Ebola belongs to a virus family called Filoviridae, aka filoviruses, which also includes the Marburg virus (see sidebar).
But unless you live in central or west Africa (or travel there), you aren't that likely to come across the filoviruses. That's where four of these Ebola species originated. There are the Zaire and Sudan strains, which are the most deadly for humans, as well as the Bundibugyo and Tai Forest varieties, which have only been seen a few times. The fifth type, Reston, is the only non-African variety, having originated in the Philippines, and it's the only one that doesn't cause severe disease in humans [source: CDC].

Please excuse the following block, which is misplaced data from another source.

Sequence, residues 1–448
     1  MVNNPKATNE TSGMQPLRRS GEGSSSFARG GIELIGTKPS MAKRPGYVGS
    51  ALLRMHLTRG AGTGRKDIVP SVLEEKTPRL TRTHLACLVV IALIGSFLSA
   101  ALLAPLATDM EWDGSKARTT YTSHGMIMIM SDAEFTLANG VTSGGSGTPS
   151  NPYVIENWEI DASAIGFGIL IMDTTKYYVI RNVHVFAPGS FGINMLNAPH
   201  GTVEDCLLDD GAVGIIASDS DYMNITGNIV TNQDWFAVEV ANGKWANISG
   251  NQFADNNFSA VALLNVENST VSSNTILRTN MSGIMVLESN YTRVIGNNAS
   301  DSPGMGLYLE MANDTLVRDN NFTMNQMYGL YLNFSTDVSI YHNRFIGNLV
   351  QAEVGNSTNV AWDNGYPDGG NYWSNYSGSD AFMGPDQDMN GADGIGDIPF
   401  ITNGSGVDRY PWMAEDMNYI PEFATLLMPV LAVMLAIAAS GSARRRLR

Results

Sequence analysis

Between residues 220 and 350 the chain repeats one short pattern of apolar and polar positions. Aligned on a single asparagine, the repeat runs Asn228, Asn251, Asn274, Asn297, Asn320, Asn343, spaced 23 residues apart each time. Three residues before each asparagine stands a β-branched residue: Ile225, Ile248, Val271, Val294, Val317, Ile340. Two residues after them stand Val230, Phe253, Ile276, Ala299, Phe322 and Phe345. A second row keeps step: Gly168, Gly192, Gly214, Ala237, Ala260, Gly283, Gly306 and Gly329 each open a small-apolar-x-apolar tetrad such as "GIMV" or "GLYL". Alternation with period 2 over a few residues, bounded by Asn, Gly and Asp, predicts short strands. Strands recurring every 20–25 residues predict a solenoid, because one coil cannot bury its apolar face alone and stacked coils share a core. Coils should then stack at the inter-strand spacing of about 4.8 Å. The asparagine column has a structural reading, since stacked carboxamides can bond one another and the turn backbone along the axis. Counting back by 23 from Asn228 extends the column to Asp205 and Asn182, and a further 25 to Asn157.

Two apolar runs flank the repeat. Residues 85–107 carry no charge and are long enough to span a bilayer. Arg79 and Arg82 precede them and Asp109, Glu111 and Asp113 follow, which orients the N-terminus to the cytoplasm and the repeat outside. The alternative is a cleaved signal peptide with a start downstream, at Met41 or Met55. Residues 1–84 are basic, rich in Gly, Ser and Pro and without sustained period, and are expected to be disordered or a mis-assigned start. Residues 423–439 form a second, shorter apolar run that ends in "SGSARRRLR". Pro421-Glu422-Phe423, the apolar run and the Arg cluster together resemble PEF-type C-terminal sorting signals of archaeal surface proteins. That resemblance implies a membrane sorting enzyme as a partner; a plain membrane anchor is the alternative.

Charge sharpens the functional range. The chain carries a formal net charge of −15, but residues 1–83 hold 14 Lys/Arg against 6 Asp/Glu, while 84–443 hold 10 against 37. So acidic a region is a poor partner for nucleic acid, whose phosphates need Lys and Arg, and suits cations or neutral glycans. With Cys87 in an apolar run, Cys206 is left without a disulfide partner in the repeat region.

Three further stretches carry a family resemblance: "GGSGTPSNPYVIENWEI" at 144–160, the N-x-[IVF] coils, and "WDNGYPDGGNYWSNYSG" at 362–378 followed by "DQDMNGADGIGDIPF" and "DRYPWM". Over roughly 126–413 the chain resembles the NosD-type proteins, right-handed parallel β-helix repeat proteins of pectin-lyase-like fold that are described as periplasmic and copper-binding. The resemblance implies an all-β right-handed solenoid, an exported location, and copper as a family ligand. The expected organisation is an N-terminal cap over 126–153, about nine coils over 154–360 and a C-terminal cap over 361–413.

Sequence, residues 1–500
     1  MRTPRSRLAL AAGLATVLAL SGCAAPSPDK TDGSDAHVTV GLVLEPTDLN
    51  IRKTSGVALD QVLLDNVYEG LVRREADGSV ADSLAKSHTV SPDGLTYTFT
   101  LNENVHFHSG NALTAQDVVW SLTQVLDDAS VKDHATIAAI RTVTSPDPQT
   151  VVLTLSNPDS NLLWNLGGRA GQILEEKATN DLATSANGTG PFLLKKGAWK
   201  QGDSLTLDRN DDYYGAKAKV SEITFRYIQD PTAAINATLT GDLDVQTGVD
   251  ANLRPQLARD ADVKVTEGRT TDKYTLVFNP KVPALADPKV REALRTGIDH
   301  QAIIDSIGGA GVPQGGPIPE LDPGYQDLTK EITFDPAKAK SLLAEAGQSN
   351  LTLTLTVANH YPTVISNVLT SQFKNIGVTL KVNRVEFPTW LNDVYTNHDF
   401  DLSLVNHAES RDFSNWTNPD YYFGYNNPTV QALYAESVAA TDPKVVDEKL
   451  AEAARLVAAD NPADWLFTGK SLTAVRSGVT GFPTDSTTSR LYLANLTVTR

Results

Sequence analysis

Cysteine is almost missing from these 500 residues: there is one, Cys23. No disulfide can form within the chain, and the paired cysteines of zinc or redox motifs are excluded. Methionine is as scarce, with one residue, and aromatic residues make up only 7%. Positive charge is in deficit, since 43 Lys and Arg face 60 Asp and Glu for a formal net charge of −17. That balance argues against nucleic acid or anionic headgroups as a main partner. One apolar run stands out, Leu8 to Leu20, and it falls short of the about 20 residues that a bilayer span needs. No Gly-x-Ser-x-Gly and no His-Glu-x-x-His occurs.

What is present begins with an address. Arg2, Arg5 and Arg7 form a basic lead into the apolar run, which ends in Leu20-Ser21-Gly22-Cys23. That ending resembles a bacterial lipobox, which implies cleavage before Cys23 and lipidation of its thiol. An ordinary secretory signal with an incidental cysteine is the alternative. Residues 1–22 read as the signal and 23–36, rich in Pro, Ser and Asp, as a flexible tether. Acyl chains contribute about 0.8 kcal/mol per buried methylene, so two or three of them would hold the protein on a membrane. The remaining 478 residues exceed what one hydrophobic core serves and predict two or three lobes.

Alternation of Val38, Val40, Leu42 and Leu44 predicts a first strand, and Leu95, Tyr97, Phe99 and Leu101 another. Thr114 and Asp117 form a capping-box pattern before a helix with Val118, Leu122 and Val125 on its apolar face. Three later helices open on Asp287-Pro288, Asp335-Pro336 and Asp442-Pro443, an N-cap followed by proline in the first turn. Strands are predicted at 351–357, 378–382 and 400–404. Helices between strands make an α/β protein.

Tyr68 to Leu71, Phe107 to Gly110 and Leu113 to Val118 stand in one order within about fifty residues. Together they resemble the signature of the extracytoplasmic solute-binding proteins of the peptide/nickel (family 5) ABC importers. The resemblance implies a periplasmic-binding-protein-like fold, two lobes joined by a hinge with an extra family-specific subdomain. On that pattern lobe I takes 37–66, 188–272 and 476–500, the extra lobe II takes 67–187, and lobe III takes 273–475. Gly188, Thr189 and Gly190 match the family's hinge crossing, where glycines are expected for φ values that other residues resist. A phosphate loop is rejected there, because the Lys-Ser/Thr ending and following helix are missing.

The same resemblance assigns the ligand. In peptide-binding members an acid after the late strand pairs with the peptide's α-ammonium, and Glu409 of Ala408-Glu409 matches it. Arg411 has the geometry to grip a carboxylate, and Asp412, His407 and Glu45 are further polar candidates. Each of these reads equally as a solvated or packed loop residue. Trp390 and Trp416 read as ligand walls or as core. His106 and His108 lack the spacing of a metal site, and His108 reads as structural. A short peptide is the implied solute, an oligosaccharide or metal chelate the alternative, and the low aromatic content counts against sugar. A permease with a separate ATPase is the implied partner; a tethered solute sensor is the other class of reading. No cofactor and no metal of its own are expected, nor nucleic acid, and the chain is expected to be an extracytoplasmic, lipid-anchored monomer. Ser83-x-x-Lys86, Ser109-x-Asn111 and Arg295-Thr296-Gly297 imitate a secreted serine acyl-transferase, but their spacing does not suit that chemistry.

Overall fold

Like all families, the filovirus family members look like each other. The worm-like shape of a filovirus is often described as "hooked," like a shepherd's crook. They all get their genetic material from RNA, instead of DNA the way we do. And their genetic information is not terribly complicated. While humans have 3 billion base pairs in their DNA, the molecules that make up the RNA of a filovirus only number about 19,000 [source: VanMeter and Hubert, ViPR].
Of course, the biggest likeness among the filoviruses is that they all kill their victims very similarly.